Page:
Mad dogs and Englishmen

Branson lifts off amid the tears
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The Independent Online
In the end there was no ceremony. At 11.19am the explosive bolts tethering the Virgin Global Challenger balloon to its concrete launch pad were activated. Silently the canopy, looking like a giant garlic bulb, moved up and south, towards the snow-capped Atlas mountains and the sun.

Richard Branson hopes it is the start of three weeks which will see him and two friends break what he calls "the last great aviation record", by crossing the world non-stop in a balloon. But he knows it could be the last time his family ever sees him: a fatal crash-landing is entirely possible. For that and for other reasons, the five hours before the Moroccan launch were unusually emotional.

Even before dawn, there had been tears. Rory McCarthy, who had hoped he could shake off acute bronchitis to go on the global trip with Mr Branson, 46, and Per Lindstrand, the balloon's 47-year-old designer, was told at 5am by Mr Branson and his doctor that the risk was too great: if he flew, the cold, depressurised air in the capsule would turn his illness to pneumonia in 48 hours. "Ultimately it was my decision," said Dr Tim Evans. "I know daggers are drawn, but I know that I'm right."

Mr McCarthy was inconsolable, although he put on a brave face for the cameras. He has trained hard and has invested pounds 300,000 in the project. "When you've put so much of your life into something ... I just can't describe how I feel," he said at the airfield, as the sun rose at 7.45 and the preparations went on without him. "I'm sure the decision was right but that hasn't stopped me begging Richard to take me. A lot of tears were shed."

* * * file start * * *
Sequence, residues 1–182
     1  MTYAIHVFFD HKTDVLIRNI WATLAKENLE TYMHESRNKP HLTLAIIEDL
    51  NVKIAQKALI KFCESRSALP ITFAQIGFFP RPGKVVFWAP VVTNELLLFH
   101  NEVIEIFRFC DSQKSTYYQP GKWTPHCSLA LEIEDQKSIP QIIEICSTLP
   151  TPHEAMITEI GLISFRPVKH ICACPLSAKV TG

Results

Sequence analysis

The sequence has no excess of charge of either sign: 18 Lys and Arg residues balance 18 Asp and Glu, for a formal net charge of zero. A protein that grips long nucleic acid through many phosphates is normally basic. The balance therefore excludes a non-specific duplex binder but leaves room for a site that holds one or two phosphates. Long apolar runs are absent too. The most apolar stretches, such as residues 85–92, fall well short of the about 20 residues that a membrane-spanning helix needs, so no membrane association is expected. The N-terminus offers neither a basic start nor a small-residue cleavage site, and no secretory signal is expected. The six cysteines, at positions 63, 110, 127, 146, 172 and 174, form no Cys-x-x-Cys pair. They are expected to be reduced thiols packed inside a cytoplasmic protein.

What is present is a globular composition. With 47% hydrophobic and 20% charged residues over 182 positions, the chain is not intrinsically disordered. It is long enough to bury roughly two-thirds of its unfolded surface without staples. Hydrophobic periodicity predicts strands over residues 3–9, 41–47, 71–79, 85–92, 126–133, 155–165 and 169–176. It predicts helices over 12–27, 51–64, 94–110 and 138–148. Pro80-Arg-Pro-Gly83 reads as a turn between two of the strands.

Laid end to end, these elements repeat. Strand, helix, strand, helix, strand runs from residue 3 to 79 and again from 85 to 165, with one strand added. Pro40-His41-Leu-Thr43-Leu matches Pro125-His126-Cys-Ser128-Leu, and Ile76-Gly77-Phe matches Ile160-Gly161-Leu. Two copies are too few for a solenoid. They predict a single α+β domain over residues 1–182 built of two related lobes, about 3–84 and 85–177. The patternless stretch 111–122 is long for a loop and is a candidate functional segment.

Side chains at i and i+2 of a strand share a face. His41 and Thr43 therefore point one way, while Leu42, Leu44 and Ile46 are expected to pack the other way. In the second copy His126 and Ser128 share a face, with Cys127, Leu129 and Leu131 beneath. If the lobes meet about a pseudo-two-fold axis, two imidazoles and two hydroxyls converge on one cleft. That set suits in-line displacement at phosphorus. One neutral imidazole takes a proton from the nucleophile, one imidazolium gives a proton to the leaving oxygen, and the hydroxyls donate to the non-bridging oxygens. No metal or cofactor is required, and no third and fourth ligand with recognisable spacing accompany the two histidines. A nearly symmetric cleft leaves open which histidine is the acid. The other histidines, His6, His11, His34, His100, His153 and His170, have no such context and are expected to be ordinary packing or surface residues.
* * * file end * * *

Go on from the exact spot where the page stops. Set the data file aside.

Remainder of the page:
The third place went to Alex Ritchie, of Manningtree in Essex, at 52 the oldest member of the team.He was chief engineer on Mr Branson's Atlantic and Pacific balloon crossings.

Mr Branson arrived at the airfield at 8.30 to be greeted by Moroccan tribal dancers, ululating women, and traditionally dressed horsemen. Was he nervous? "Not as nervous as perhaps I should be," he said, clasping his hands (as he does when nervous).

"I know the danger, having been through the Atlantic and Pacific crossings so I hope the risks are less. But we're doing 8,000 miles over land initially, so if there are any serious glitches, hopefully we can sort them out before the Pacific."

The final indication that it would go ahead came at 10.35. Mr Branson said goodbye to his parents at the spectators' barrier (intended to keep us safe if the propane tanks around the capsule exploded). Back at the capsule, he embraced his son Sam, 11, his wife Joan and daughter Holly, and finally got in.

At 11.10 the stays tethering the balloon fell away with an explosive crack. Two hours later, the balloon was just a speck against the cloudless, hazy sky.

Branson later told ITN: "We are doing great.It was a little bit of a hairy launch. The balloon went up a little bit faster than we thought - about 2,000ft a minute - and started spewing helium.We seemed to head off in the wrong direction, but all was well in the end."

A great adventure indeed.

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